We asked artist, modern sewist and fabric designer Carrie Bloomston to share her favorite ways to honor the transition from summer to fall at home.
Have you ever walked into a house that felt just… right? Not perfect or overly done, but just right? Artist, blogger and fabric designer Carrie Bloomston of SUCH Designs says those are usually the homes that are lovingly crafted and curated by their owners. Her advice? Follow your instincts and take cues from nature to bring the feeling of fall into your home.
Take cues from your own backyard
Need seasonal inspiration? Check in on the back porch. What looks different? What do you see? How do you feel? A simple way to honor the shift in seasons, says Bloomston, is to bring a bit of the outside in. Take a breath of the crisp fall air and gather up some dried leaves, a handful of petals or a branch and fill a pretty bowl with them.
Tip: Choose a low bowl like this HULTET Dish from Ikea (Ikea, $6) to display your backyard treasures.
Close your eyes
What colors remind you of fall? They might come from your backyard, a nearby hike or from your memory. Now open your eyes as you go about your day. What do you see? Bloomston finds inspiration in the pomegranate red from a late-summer/early-fall bounty, the earthy color of almost-purple squished grapes and wine, the amber color of honey and the faded greens of summer’s end. Follow the colors in your mind and your own intuition as you pick textiles and objects for your home.
Tip: Once you find a fall color that speaks to you, drape a pillow or blanket like this Bocasa throw (Nilima Home, $65) over your sofa to add an autumnal hue.
Shop the farmer’s market
“If you’re lucky enough to live in a particularly ‘squashy’ place, run to the farmer’s market stand and grab some huge gourds,” says Bloomston. “Bring them back and put them everywhere! Plop a few different varieties in the center of your table, on your porch, the kitchen counter!” This is a very Martha thing to do, she adds. “Martha Stewart is an absolute expert at honoring the seasonal flow of life. In fact, I think large gourds can be more modern and sculptural than most of the sculptures we even have in our homes — and certainly cheaper!”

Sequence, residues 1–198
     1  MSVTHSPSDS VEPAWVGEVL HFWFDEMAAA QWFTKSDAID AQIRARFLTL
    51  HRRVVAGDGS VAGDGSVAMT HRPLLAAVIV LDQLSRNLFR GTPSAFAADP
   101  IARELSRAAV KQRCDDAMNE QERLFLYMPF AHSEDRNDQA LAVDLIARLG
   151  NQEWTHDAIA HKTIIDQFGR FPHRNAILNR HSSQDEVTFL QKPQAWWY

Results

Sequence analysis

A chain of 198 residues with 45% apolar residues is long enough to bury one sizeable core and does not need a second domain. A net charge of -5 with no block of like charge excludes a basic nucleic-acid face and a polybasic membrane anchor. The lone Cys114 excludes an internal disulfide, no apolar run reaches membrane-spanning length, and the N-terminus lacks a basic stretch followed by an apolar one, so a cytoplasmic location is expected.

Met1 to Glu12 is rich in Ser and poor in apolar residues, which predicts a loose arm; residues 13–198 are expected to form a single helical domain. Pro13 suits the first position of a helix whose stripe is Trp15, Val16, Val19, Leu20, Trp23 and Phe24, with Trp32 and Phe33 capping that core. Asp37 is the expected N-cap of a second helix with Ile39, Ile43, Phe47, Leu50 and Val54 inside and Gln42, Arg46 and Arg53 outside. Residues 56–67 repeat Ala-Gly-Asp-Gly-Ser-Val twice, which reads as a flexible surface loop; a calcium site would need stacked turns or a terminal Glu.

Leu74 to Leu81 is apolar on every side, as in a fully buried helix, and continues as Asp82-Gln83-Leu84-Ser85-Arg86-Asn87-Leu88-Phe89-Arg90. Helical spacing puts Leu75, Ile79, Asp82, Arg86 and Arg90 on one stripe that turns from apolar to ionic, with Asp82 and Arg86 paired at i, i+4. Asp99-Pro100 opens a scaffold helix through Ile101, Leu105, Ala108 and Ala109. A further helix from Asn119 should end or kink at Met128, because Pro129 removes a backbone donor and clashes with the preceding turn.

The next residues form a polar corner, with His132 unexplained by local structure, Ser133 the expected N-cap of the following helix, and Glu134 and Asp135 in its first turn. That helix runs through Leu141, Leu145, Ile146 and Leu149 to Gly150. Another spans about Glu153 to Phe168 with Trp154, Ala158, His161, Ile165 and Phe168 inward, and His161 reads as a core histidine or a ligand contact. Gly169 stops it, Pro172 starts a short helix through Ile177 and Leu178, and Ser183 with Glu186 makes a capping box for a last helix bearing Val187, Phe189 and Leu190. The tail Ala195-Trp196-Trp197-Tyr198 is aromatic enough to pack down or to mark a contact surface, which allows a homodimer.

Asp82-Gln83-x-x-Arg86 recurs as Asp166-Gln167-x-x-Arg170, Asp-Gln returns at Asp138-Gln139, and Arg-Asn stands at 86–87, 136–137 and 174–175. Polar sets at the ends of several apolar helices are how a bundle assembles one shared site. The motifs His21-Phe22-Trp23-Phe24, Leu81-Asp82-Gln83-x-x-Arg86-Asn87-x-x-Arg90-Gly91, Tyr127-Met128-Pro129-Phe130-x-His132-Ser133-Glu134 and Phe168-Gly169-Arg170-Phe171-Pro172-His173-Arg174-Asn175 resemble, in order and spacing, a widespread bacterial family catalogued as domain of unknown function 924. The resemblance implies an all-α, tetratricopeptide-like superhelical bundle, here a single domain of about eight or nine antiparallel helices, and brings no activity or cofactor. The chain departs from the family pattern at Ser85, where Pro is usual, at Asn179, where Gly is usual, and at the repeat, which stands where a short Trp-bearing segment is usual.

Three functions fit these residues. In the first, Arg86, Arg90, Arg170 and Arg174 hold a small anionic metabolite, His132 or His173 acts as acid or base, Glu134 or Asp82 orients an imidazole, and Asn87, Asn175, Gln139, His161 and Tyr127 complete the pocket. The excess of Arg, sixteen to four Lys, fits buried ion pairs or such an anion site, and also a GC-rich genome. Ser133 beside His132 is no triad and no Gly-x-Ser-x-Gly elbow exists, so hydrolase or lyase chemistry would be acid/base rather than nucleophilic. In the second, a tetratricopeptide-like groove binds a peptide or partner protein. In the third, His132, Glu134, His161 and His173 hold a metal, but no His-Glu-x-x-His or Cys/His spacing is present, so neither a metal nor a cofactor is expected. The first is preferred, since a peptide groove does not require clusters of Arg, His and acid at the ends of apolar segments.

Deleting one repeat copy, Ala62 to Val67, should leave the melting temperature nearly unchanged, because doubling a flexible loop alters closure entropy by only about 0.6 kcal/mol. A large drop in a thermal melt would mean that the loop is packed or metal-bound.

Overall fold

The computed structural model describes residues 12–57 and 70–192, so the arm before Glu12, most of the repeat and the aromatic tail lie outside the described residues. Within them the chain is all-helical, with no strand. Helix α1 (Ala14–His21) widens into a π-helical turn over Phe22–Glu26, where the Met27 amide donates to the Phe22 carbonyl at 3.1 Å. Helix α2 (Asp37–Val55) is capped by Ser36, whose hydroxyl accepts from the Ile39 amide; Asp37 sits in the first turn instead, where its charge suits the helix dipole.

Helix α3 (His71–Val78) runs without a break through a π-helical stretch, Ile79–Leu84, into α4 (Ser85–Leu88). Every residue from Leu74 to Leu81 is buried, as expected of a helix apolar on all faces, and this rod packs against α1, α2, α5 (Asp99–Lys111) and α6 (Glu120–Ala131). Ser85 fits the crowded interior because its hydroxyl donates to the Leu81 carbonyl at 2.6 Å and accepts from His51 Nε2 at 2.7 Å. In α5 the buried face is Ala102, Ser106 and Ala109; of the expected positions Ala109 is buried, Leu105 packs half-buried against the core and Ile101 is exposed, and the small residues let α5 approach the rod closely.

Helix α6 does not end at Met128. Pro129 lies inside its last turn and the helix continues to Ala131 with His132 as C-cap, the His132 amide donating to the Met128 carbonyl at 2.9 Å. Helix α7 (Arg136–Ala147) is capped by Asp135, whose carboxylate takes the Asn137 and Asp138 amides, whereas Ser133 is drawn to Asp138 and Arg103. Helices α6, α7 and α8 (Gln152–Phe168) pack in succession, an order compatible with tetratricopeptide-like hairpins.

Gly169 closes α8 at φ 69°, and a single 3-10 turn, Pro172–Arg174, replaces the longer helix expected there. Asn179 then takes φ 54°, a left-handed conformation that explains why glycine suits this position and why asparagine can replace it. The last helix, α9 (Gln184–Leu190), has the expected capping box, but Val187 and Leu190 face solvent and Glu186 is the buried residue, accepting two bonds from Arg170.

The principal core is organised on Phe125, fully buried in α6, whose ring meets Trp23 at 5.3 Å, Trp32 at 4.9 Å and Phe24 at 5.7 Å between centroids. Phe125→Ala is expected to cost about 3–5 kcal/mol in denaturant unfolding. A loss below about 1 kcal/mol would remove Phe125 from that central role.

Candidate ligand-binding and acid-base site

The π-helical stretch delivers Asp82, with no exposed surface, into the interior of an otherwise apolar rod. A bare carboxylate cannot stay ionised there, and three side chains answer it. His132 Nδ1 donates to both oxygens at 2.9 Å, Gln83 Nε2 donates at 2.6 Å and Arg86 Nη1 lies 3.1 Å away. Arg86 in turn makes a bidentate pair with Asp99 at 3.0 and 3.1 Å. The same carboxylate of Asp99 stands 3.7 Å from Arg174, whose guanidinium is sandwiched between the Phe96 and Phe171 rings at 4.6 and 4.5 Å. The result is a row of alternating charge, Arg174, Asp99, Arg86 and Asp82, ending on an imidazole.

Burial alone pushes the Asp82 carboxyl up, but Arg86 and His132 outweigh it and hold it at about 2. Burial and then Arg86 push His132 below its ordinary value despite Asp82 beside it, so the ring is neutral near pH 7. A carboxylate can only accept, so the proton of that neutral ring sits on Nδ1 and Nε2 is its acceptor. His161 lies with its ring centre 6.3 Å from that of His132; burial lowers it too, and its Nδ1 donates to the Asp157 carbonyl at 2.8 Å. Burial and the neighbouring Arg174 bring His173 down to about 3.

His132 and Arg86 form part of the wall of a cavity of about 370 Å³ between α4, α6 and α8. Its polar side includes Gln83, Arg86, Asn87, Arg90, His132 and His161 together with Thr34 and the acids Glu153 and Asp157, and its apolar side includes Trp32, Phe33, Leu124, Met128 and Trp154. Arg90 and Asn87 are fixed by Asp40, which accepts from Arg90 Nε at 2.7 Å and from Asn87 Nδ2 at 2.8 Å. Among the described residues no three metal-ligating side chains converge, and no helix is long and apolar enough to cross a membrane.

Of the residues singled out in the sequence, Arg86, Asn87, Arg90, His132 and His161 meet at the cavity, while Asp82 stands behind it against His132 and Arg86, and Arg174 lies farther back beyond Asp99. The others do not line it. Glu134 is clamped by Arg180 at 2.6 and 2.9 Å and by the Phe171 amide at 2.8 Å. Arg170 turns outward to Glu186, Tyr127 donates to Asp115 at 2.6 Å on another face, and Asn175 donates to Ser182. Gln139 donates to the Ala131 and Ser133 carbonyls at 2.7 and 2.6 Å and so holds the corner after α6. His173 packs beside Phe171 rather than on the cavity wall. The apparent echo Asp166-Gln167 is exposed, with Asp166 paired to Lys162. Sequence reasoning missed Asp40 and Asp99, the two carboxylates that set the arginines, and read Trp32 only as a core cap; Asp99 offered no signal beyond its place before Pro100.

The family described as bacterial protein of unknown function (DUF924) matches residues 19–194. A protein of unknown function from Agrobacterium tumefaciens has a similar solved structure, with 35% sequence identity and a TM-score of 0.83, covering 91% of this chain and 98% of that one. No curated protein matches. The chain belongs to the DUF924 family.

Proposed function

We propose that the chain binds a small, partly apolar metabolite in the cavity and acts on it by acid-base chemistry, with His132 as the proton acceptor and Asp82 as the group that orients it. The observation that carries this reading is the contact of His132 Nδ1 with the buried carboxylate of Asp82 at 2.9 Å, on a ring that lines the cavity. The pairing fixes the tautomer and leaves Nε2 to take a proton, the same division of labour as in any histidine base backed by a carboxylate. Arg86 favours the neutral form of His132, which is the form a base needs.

Tip: If gourds aren’t easy to come by in your “neck” of the woods, shop Etsy for handcrafted gourd accessories like these Needle Felted Peas in a Gourd Pod (Etsy, $8 each).
Know your textures
What texture does fall evoke for you? Winter? Spring? This may be personal for you, but it may also be more universal. To Bloomston, fall means felt, men’s shirtings and pinstripe suiting, wools, flannels and warm, soft textures. Once you establish your favorite fall fabrics, grab a few pillows for the sofa or bed — or maybe a throw. If you have the time and talent, Bloomston suggests hand or machine sewing a very simple pillow for yourself. “This act of connecting to the handmade is a deeply grounding experience and can become a part of the seasonal design of your home.”
Tip: If pinstripes pique your interest, use an old men’s suit to stitch up a pinstriped wool pillow cover like this one from Blissliving Home (Blissliving Home, $95).
Make a seasonal altar
Find a spot in the foyer or main living space — maybe a nice quiet corner or a side table in a hallway — and create a seasonal altar. “Many cultures in the world do this very naturally. Japanese culture is particularly good at it,” notes Bloomston. Lay down a seasonal textile, add a selection of vases or jars in a single color and then fill them and surround them with changing seasonal offerings such as branches from the trees in your yard. “Kids are innately good at finding stuff — so let them help you with this. They’re always gathering and bringing and finding and collecting. My house is filled with rocks of all shapes and sizes — especially heart rocks.”
Tip: We love the idea of using a divided wooden box like this Cedar Bento Box (Cedarbrook, $29) to display nature’s bounty on your seasonal altar (as spotted on the blog An Everyday Story).
“Let your home reflect you and your interests, passions and desires,” says Carrie Bloomston. “Don’t worry if it looks perfect or if it matches. Do what feels right to you. Have fun and play!”